Are Cell Sites Really That Ugly?


Sunday, October 04, 2009

I often find myself wondering, is the perception of cell site visual impact and the actual public view on the same page? After many years of site acquisition and municipal review, I find myself feeling more and more like there is tremendous disconnect between municipal officials and what the public truly cares about with respect to the sitting of cell phone towers.

I have spent many hours of my life negotiating with landlords and municipalities over the aesthetics of an outdoor cell site. Countless hours and money has been spent to create many designs and photo simulations to minimize the visual impact of different types of installations on neighbourhoods and surrounding areas. And yet, whenever I ask a non-industry person to point out a cell site (where ever I may be), it is seldom, if ever, an immediate response (save and except for those really nasty ones...). The truth is that an is required to 'see' them.

Within the last 18 months, I was negotiating with a landlord for months regarding the aesthetics of a rooftop site, with multiple iterations of the site design and photo simulations ($$$$) and in the end, due to miscommunication (for lack of a better term), the site was installed like a typical rooftop site. The result? Nothing. That's Right. Nothing. A high profile site, with thousands of eyes passing by daily, if not hourly and not a single phone call. Not a peep from the landlord. What does this all mean? In my opinion, we negotiate WAY TOO MUCH of the aesthetics of a site on paper and simulations when in reality, nobody really notices anyway.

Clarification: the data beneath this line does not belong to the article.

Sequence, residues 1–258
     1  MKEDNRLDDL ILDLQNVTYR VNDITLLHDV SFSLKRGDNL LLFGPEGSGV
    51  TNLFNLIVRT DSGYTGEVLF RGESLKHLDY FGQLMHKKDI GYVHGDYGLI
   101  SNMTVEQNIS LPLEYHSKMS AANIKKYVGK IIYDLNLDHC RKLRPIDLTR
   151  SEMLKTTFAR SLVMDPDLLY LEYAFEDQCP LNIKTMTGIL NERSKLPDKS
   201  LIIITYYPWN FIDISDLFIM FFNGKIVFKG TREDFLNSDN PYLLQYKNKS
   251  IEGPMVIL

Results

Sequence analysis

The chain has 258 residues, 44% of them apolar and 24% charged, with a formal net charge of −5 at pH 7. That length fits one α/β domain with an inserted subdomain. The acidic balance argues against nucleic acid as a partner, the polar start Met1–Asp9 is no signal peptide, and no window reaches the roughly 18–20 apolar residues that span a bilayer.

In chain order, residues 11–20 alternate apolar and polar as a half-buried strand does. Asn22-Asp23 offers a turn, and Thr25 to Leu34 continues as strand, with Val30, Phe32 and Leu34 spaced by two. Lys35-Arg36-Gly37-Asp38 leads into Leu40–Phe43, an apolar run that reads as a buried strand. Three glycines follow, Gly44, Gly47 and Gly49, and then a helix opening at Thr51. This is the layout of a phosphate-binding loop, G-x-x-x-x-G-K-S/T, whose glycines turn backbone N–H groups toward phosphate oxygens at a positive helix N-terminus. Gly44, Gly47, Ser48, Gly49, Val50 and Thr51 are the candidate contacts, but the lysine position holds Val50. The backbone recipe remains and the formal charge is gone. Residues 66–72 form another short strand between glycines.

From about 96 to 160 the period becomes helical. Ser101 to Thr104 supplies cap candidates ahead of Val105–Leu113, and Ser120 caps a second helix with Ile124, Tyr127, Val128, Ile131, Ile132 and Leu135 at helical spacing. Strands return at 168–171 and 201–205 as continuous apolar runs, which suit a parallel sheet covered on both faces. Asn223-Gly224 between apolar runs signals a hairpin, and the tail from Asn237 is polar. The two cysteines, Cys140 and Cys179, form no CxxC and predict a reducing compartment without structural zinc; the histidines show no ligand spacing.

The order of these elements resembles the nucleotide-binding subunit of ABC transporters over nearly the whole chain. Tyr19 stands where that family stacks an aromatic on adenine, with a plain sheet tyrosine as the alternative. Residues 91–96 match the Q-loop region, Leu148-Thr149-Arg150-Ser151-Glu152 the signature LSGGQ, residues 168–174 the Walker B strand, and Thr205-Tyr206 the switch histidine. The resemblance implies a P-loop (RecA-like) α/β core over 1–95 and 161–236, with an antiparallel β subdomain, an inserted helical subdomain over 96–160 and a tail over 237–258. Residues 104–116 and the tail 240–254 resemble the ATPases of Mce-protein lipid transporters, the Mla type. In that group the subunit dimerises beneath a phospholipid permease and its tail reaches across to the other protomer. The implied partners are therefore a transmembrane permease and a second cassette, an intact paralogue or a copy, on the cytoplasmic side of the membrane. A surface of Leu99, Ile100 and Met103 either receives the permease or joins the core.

I think we are at a point in time where the reality of cell sites has become part of the natural landscape of our environment and has become an invisible part of our urban fabric. The majority of the public has become desensitized to the modern day cell site. Will anything change? Not likely. The issues surrounding cell sites will continue to rage on with more time and more money being spent to mitigate a perception in order to satisfy a false majority. The fact is that value associated with the function of a cell tower has surpassed perceived impacts of their form. Just some food for thought the next time you drop a wireless call, let the right people know.